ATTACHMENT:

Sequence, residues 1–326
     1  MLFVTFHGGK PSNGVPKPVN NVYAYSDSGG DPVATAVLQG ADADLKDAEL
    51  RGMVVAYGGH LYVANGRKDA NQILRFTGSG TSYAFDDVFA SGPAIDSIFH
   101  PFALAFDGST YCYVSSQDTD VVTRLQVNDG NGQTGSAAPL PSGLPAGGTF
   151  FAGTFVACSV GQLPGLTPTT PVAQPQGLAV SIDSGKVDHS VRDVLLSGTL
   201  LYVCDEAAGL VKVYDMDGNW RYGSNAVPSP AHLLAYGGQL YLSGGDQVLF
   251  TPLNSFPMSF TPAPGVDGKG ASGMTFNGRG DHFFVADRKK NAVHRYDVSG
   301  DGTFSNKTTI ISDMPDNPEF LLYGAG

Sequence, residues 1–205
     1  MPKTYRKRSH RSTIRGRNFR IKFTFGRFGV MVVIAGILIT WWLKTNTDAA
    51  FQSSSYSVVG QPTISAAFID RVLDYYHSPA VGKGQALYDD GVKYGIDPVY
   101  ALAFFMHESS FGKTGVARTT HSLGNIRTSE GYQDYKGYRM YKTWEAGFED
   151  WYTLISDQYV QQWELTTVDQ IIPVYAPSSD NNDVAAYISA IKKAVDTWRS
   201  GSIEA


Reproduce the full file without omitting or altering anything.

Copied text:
Sequence, residues 1–326
     1  MLFVTFHGGK PSNGVPKPVN NVYAYSDSGG DPVATAVLQG ADADLKDAEL
    51  RGMVVAYGGH LYVANGRKDA NQILRFTGSG TSYAFDDVFA SGPAIDSIFH
   101  PFALAFDGST YCYVSSQDTD VVTRLQVNDG NGQTGSAAPL PSGLPAGGTF
   151  FAGTFVACSV GQLPGLTPTT PVAQPQGLAV SIDSGKVDHS VRDVLLSGTL
   201  LYVCDEAAGL VKVYDMDGNW RYGSNAVPSP AHLLAYGGQL YLSGGDQVLF
   251  TPLNSFPMSF TPAPGVDGKG ASGMTFNGRG DHFFVADRKK NAVHRYDVSG
   301  DGTFSNKTTI ISDMPDNPEF LLYGAG

Sequence, residues 1–205
     1  MPKTYRKRSH RSTIRGRNFR IKFTFGRFGV MVVIAGILIT WWLKTNTDAA
    51  FQSSSYSVVG QPTISAAFID RVLDYYHSPA VGKGQALYDD GVKYGIDPVY
   101  ALAFFMHESS FGKTGVARTT HSLGNIRTSE GYQDYKGYRM YKTWEAGFED
   151  WYTLISDQYV QQWELTTVDQ IIPVYAPSSD NNDVAAYISA IKKAVDTWRS
   201  GSIEA